English Heritage's Steven Brindle believes that of all Brunel's lost structures, his bridge across the River Wye at Chepstow was the most important.
Brunel's career was dened by a refusal to accept proven solutions, says English Heritage inspector of ancient monuments Steven Brindle. 'Because Brunel was Brunel, he was never going to copy a design by [his friend and rival Robert] Stevenson, or even copy one of his own designs.
Each time he was faced with a problem he came up with something completely new.'
In his biography of the industrial demi-god, Brunel, the man who built the world, published last autumn, Brindle examined the evolution of Brunel's career and the way ideas cross-fertilised between the engineering disciplines he straddled. His research has shed light on hitherto forgotten or overlooked aspects of Brunel's work, such as his experimentation with cast iron (NCE 12 January).
Brindle says that selecting a single most important structure from the hundreds that have been lost and forgotten is a tough challenge. But bridges exemplify Brunel's constant invention. And despite being 'one of the most consistently innovative builders in timber there ever was', it is Brunel's iron bridges that stand out.
Chepstow Bridge, carrying the South Wales Railway across the River Wye, was 'disconcertingly original'.
The 182m bridge was divided into two distinct halves. Three unremarkable plate girder spans, each of 30m, cleared the river's foreshore. To leap the next 91m, however, Brunel developed an entirely new structural system, on rst impressions a truss of immense depth, but described by Brindle as an enclosed suspension bridge.
'Chepstow was the direct ancestor of the Royal Albert Bridge at Saltash, ' Brindle claims. 'At either end of the main span you had a tower. These supported a pair of huge, tubular wrought iron beams.
'The deck was carried on straight suspension chains hung from the tubular beams. It looked like an extremely large girder with diagonal stiffeners, but actually it was acting as closed suspension system. The top tubes took some load from the suspension chains, but their primary role was to brace the towers apart.'
In 1849, when Brunel started designing Chepstow, suspension bridge design and construction was becoming well understood: Brunel knew that a suspension bridge could have spanned the Wye, but that it would have been dangerously dynamic under train loading. The only precedent for carrying a railway across such a large span was Stevenson's 122m tubular girder at Conwy.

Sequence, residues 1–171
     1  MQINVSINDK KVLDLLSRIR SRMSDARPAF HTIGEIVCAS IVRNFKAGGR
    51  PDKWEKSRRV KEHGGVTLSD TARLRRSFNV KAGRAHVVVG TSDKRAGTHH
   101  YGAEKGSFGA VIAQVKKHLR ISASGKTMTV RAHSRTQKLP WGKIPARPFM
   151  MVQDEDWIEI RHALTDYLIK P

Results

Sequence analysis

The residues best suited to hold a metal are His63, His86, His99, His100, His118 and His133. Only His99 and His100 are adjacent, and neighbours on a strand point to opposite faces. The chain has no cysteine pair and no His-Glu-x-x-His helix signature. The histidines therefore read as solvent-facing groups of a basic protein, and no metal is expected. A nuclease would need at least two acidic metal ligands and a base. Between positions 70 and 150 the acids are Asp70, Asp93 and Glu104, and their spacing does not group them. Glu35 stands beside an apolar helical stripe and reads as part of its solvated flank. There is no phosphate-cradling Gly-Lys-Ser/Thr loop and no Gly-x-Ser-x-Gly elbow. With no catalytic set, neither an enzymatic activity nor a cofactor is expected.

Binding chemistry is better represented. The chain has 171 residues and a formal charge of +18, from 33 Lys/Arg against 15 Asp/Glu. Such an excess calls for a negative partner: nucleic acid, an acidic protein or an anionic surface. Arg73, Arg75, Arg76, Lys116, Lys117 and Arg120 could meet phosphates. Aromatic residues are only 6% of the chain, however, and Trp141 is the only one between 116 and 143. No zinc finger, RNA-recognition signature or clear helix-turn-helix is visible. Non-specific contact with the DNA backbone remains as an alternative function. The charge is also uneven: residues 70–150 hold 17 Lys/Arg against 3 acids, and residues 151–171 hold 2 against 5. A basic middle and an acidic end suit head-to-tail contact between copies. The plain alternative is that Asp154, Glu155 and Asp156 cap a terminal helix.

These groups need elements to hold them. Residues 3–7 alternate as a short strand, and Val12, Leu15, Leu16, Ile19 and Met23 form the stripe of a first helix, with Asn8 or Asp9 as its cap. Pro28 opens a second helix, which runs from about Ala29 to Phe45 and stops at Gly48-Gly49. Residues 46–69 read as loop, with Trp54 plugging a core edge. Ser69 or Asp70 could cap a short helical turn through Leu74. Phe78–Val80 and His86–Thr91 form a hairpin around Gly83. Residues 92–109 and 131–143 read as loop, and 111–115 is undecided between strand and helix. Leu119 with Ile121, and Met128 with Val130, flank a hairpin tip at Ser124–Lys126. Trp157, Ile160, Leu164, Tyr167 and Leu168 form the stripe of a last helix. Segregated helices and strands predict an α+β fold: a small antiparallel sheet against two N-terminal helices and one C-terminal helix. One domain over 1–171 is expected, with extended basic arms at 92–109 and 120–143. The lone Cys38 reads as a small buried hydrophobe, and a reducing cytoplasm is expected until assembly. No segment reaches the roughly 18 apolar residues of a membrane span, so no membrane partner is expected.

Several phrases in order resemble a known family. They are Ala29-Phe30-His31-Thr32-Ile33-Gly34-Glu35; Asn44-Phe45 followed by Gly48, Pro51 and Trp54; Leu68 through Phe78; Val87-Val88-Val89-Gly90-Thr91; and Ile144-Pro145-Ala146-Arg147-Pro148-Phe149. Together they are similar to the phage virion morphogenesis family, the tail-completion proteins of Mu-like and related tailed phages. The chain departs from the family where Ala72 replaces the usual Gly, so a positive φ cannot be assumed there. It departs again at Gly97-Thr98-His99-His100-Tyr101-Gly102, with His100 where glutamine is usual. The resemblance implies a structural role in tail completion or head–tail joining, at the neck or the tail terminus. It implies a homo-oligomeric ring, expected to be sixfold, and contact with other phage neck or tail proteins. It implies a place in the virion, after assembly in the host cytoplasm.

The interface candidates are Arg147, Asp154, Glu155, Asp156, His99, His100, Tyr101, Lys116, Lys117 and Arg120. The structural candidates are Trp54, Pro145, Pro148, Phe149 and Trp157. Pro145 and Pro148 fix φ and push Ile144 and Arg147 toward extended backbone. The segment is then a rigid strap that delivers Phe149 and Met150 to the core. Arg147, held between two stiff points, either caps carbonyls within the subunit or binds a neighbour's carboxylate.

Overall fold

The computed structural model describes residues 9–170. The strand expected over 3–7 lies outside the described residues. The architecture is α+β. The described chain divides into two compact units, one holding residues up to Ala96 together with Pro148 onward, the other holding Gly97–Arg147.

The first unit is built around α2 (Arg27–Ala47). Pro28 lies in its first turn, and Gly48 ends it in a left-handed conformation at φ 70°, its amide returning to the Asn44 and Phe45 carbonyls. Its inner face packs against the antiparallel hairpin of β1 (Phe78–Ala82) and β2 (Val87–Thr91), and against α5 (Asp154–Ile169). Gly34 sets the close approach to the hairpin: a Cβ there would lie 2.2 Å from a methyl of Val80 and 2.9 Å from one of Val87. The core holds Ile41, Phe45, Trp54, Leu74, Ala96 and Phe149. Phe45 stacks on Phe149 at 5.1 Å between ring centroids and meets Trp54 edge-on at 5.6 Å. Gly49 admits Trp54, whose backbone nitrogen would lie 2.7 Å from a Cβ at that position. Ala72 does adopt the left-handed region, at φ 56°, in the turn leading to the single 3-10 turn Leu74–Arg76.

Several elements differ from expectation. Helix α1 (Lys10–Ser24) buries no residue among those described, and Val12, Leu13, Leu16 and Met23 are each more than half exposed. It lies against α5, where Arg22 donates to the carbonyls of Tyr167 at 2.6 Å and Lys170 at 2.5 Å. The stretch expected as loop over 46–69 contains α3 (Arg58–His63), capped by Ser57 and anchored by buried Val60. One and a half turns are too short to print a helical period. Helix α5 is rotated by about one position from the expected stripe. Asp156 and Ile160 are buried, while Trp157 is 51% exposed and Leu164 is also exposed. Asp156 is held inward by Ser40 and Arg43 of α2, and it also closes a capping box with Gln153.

Brunel had watched the structure being oated into position and admired Stevenson's solution, Brindle notes.
Always ondent that a better solution could be found, Brunel evolved an entirely new structural concept. Chepstow's twin trusses were fabricated on the river foreshore and oated into position on barges. They were then jacked 31m up into position using a hydraulic system developed by Sir William Fairburn and Stevenson for erection of the Conwy span. Chepstow cost £77,000. By contrast, Stevenson's Conwy Bridge cost three times that sum.
Royal Albert Bridge at Saltash rened the structural concept developed at Chepstow and used the same construction methods. It came in at half the price of Stevenson's Britannia Bridge. Chepstow and Saltash showed Brunel it was possible to build long span rail bridges for less than half the cost of those designed and built by any contemporary engineer, Brindle says. 'The idea that Brunel was an extravagant engineer doesn't stand up. These were very economical bridges.'
Brunel was inuenced by Fairbairn's work on tubular wrought iron beams in the run-up to construction of the Conwy Bridge. When he started designing in wrought iron himself, in 1847, 'it is obvious who Brunel was getting his ideas from', Brindle notes.
'But Brunel was consistently creative and didn't necessarily use an idea again because it worked well once. He constantly re-invented.'
When in 1849 he came to design the Chepstow crossing, Brunel drew on developments in ship building and boiler making, Brindle says. 'The top tubes used plated construction. Their scale mirrors the contemporary upping of scale in the fabrication of iron ship hulls and in boiler making.'
Greater size was accompanied by greater strength and improved seal between individual wrought iron plates, Brindle adds. 'The late 1840s were critical years.
Hull, boiler and bridge building were all marching forward together. Brunel harnessed that to create a huge single span compression tube. That's why Chepstow was so remarkable. It was a completely new idea.'